The deposed leader is accused of misuse of land for a charity foundation, on top of accepting bribes of gold and cash
Myanmar’s deposed leader, Aung San Suu Kyi, and other former officials from her government have been hit with fresh corruption charges, according to state-run media.
Citing the country’s anti-corruption commission, the state newspaper Global New Light of Myanmar said on Thursday that the accusations related to the misuse of land for the charitable Daw Khin Kyi Foundation, which Aung San Suu Kyi chaired.
They also related to earlier allegations by the former chief minister of the Yangon region that Aung San Suu Kyi illegally accepted $600,000 in cash from him along with around 11kg of gold.
The charges are the latest of a series brought against elected leader Aung San Suu Kyi, who was overthrown by the army on 1 February in a coup that has plunged the south-east Asian country into chaos.
Two of Aung San Suu Kyi’s trials are due to start next week in Naypyidaw, the remote capital purpose-built by the military regime, hearing evidence from witnesses.
In Naypyidaw, the remote capital purpose built by the previous military regime, her trial will start on Monday on charges of violating restrictions during last year’s election campaign and possessing unlicensed walkie-talkies.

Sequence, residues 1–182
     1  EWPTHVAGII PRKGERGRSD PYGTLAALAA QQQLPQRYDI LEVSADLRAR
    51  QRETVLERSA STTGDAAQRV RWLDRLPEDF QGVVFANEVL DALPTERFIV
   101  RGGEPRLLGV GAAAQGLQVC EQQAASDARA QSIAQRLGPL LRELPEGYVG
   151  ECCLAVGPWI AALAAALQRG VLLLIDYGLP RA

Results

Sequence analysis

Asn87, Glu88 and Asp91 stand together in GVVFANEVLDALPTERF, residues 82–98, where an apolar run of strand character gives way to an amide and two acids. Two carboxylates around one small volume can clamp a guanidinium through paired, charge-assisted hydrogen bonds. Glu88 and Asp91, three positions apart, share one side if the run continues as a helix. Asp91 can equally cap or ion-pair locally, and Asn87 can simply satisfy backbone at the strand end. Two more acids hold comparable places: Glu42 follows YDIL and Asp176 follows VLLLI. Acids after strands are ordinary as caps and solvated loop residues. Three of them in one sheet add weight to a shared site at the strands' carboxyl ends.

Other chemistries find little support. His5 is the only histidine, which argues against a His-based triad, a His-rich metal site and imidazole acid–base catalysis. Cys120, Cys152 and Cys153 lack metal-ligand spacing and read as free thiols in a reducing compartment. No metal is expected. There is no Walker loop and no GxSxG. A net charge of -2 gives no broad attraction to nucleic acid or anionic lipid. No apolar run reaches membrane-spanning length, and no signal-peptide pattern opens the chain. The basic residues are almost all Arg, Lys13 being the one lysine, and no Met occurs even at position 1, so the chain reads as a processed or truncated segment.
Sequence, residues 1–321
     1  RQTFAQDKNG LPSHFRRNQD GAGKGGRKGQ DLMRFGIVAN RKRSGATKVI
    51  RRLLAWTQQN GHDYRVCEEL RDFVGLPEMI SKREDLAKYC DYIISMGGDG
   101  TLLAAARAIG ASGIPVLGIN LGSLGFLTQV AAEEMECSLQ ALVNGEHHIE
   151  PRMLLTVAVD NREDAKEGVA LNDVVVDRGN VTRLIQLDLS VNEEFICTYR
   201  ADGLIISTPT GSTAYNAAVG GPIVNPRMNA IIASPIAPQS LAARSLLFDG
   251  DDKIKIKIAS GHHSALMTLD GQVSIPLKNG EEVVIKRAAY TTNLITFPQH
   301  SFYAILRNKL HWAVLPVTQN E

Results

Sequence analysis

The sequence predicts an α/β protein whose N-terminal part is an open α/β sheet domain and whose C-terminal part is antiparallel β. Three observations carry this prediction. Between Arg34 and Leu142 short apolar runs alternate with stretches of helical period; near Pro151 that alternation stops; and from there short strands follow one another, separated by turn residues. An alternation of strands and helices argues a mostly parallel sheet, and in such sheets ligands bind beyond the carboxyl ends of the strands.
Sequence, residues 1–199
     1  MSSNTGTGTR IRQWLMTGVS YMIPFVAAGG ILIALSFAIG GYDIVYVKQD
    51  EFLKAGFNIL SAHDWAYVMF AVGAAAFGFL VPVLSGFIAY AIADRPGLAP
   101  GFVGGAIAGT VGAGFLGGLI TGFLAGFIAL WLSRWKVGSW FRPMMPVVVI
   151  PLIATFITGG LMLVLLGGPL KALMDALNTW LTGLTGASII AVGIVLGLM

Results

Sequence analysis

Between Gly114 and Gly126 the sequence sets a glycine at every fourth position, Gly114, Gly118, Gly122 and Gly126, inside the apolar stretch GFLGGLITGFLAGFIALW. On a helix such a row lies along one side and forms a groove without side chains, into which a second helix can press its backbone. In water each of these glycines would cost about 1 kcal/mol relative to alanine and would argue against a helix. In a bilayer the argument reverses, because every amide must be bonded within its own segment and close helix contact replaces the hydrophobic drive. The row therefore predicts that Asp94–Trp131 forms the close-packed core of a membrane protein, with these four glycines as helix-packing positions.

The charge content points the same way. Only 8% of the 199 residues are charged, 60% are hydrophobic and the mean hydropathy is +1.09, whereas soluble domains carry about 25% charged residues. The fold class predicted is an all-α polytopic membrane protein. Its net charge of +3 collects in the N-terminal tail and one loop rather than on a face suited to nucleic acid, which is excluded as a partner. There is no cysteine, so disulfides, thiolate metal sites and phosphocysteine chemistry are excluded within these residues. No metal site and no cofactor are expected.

The Global New Light said case files had been opened against Aung San Suu Kyi and several other officials at police stations on Wednesday.
“She was found guilty of committing corruption using her rank. So she was charged under anti-corruption law, section 55,” the paper said. The law provides for up to 15 years in prison for those found guilty.
Aung San Suu Kyi’s lawyers were not immediately available for comment.
Aung San Suu Kyi already faced charges ranging from the illegal possession of walkie-talkie radios to breaking the Official Secrets Act. Her supporters say the cases are politically motivated.
The army overthrew Aung San Suu Kyi under the ppretext that her party had cheated in November elections, an accusation rejected by the previous election commission and international monitors.
Since then, the army has failed to establish control. It faces daily protests, strikes that have paralysed the economy, a rash of assassinations and bomb attacks, and a resurgence of conflicts in Myanmar’s borderlands.